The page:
fast-charge battery or electric truck prototypes

For those who ask him why he doesn’t choose to focus on either his fast-charge battery or electric truck prototypes, Mark Hanchett snaps, “That’s the wrong question.” He pledges to scale up production of both, here in Mesa.

Though he insists he’s not trying to be “the next Tesla,” it’s hard not to picture Mark Hanchett as the East Valley’s Elon Musk.

True, when it comes to thinking big, it’s hard to match the guy who launched the world’s biggest electric vehicle company and a space program, to boot.

But Hanchett has massive, visionary, “industry disruptive” plans, though is keeping his feet firmly planted on the ground. More specifically, his work boots are racing back and forth across a production plant on Higley Road just south of Falcon Field.

The location is fitting: Hanchett’s double-barreled vision of developing and producing fast-charge batteries and bulked-up electric trucks are taxiing for takeoff later this year.

Hanchett, who looks as burly and tough as a wrestling coach, scowled when asked if investors ask him to focus on one or the other.

“Everyone asks that question. ‘Why don’t you just be a battery vendor?’ Or, ‘Why don’t you just build trucks?’ ….Quite frankly, it’s a mistake,” Hanchett said.

Hanchett’s start-up Atlis Motor Vehicles is not to be confused with ElectraMeccanica, an established Canadian company that announced plans to build a Mesa facility near the Phoenix-Mesa Gateway Airport that will employ 500 people and build up to 20,000 Solo mini-electric cars.

A Solo would just about fit in the trunk of one of Hanchett’s XT pickup trucks.

While newspapers and TV stations fawned over ElectraMeccanica’s March groundbreaking, Hanchett was quietly commuting from his home near Eastmark to a modern but utilitarian warehouse on Higley Road.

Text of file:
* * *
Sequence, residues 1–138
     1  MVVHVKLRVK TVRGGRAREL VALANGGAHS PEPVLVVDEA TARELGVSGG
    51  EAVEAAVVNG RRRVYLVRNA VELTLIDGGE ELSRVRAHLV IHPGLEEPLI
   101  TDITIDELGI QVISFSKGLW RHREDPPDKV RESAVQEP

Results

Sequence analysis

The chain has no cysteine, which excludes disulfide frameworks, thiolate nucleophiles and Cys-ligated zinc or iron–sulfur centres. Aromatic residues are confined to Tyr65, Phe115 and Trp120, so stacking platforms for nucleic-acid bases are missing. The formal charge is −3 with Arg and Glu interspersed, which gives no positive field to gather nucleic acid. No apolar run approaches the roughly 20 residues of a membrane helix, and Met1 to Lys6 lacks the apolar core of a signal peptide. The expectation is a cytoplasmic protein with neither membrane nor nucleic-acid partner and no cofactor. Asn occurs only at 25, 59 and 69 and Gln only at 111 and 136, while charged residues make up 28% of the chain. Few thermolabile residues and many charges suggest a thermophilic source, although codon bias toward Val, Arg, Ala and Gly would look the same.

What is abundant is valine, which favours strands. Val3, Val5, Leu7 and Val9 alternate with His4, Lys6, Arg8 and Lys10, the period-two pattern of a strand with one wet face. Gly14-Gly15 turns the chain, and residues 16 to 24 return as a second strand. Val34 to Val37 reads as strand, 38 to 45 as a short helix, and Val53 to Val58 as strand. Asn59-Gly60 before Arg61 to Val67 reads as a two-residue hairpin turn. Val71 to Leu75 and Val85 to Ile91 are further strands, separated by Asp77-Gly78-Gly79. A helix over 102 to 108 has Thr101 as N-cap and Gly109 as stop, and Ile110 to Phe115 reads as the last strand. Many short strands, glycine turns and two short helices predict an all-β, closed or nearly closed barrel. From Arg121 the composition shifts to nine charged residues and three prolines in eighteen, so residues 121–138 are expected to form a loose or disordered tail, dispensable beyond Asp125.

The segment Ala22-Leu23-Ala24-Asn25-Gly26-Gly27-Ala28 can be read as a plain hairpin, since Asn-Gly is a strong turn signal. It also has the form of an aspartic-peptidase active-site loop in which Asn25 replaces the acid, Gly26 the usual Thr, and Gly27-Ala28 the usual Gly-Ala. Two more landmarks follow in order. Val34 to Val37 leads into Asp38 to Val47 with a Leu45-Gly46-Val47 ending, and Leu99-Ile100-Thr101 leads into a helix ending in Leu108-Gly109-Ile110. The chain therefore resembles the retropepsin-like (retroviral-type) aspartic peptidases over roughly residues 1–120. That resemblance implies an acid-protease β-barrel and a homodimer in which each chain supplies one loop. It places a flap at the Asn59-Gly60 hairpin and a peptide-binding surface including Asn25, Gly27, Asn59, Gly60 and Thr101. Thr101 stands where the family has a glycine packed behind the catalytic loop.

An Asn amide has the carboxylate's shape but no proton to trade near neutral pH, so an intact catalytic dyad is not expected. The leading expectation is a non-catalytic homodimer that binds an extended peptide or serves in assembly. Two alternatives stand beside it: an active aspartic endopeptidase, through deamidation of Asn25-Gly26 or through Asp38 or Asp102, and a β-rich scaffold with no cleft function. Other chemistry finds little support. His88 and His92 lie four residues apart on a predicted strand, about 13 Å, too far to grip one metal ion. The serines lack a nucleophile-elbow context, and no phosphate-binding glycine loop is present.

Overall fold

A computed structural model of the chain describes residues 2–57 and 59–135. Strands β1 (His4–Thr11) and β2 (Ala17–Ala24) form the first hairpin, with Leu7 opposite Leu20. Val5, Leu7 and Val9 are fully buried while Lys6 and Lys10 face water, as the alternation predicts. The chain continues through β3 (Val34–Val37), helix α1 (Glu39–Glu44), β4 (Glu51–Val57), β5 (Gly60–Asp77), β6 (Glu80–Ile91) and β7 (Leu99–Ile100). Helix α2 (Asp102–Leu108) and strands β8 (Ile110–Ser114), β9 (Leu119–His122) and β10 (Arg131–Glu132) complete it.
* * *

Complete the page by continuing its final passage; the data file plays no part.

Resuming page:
Part engineer, part salesman, he has hustled up enough early funding to grow Atlis to 32 full-time employees.

But entering this month, Hanchett dream of “disrupting” in a positive way the electric vehicle industry seemed to be fading, with the company fast burning through money while the launch of the truck was pushed into next year.

As of Thursday, Hanchett has 14 million reasons for optimism.

This was a make-or-break week for Hanchett and Atlis, with the early result being “make.” At 5 p.m. July 13, the window closed on Hanchett’s attempt to raise desperately needed millions from investors.

Atlis lives.

Though landing short of a lofty goal of $25 million, Atlis scored more than $14 million from investors hungry for the-next-big-thing.

“We’re a little more than halfway, but we still feel pretty good about it,” Hanchett said, as the deadline for a lifeline approached.

He insisted he was keeping an even keel during what may turn out to be a historic week for his company.

“I don’t typically get nervous or rollercoaster about any of this stuff. It’s something we need to do and get it done,” Hanchett said.

“We’ve always met our goals,” he added.


Multiple hats

Hanchett gave a rueful chuckle, when asked if he would prefer to stay in the background, inventing things and perfecting production.

As a start-up launcher, he has been forced to the foreground, becoming the face of the company and asking investors to write checks every few months.

“I’m an engineer by education,” he said, “and 10 years prior to this I was building, developing and launching (products) in the tech space.

“I definitely had to learn (marketing) -- and also build a team of some really great people who do a much better job of that than me.”

He started thinking seriously about powerful, fast-charge batteries and massive electric trucks in 2013, then launched his company in 2016.

On his Linked In profile, Hanchett describes his philosophy: